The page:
In 1945, Jean Bartik heard about a new job, working with something called ENIAC. She was not sure what the work involved. However, she took it, hoping to get in on the ground floor with a new technology.
ENIAC was the first large-scale electronic computer. It could do trajectory calculations much faster. Men designed ENIAC. But the grueling and tedious task of creating programs for it was considered “women’s work,” similar to clerical labor.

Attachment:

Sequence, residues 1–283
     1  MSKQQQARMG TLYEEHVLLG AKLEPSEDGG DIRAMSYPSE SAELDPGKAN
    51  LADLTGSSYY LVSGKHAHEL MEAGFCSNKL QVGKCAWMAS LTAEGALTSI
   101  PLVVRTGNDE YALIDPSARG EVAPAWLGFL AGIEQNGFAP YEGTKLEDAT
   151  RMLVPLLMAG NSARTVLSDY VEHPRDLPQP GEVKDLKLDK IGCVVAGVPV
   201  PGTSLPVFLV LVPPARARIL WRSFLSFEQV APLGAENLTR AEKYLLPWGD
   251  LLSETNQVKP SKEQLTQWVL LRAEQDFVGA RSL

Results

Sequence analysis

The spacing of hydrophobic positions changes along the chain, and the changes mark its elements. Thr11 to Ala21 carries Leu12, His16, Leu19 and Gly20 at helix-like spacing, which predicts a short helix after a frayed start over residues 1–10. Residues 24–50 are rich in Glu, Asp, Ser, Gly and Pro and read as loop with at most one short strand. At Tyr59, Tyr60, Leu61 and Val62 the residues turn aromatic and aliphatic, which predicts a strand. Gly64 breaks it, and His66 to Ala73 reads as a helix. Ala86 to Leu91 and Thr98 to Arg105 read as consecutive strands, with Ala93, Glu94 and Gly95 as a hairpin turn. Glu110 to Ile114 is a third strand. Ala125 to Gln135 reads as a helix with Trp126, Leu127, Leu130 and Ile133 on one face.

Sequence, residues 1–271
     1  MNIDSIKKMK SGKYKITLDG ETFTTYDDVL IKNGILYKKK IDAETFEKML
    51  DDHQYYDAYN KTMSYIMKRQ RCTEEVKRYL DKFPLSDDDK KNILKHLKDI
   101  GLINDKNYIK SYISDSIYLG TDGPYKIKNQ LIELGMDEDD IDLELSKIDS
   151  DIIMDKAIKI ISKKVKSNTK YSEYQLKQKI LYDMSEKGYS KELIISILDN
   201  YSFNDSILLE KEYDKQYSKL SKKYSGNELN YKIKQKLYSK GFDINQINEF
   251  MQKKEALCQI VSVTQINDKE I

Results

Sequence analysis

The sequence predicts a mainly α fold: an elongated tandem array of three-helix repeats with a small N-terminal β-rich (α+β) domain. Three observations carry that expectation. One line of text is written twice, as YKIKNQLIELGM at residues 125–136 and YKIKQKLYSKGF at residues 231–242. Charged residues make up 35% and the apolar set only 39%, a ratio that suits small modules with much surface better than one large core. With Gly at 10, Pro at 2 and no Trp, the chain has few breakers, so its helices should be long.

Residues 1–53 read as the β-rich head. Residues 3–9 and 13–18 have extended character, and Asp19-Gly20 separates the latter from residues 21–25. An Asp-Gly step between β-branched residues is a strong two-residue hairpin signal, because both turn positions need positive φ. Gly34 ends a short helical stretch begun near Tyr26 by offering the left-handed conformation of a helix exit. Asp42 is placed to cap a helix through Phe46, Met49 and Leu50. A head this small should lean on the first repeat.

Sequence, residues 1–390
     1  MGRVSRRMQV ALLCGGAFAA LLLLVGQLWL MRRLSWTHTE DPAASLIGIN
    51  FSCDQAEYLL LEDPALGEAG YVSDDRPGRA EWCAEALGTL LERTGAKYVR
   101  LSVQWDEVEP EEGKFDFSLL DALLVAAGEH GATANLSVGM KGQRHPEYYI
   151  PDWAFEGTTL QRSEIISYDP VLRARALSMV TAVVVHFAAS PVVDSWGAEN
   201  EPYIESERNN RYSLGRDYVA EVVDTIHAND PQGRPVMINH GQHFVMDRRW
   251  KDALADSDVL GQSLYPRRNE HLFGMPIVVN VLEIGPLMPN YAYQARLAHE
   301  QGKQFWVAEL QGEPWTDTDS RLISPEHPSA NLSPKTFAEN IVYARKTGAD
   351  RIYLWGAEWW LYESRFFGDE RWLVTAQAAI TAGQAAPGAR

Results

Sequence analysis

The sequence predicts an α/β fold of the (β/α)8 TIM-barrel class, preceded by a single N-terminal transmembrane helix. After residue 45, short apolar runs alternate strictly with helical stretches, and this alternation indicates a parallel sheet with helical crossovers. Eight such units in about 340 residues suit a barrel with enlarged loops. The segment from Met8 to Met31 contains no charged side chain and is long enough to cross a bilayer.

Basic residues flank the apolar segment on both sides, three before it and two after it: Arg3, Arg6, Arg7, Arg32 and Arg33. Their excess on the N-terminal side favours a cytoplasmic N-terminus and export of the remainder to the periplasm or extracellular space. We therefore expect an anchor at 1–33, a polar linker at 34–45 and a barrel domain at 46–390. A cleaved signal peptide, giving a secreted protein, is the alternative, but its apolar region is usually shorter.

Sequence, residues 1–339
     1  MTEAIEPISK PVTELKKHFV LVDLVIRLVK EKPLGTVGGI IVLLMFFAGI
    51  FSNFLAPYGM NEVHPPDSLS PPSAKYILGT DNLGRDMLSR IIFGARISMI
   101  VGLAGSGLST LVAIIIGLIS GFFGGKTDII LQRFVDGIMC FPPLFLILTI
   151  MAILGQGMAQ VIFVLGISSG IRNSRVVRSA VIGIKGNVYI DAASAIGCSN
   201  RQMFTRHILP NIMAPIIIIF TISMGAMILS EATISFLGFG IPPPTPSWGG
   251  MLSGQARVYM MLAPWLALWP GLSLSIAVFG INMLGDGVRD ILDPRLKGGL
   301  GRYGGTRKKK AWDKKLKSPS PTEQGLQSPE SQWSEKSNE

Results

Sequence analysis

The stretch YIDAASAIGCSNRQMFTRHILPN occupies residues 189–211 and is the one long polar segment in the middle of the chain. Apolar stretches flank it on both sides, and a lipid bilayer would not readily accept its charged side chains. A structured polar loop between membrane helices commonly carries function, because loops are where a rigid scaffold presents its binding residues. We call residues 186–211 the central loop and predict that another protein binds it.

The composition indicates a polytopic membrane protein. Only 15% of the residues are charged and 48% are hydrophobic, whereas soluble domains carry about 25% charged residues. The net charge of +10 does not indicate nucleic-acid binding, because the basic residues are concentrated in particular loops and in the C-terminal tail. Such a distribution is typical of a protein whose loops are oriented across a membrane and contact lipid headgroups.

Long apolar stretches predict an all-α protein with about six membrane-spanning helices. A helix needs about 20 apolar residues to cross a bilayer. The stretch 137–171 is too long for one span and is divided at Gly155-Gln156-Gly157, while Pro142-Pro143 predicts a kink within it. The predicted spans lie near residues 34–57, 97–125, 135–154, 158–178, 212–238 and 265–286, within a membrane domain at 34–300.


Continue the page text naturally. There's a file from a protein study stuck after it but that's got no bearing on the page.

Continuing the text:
“Men were interested in building the hardware,” historian Walter Isaacson reported to NPR. “Doing the circuits, figuring out the machinery. And women were very good mathematicians back then.” However, women’s work was not glamorous and did not pay very well.
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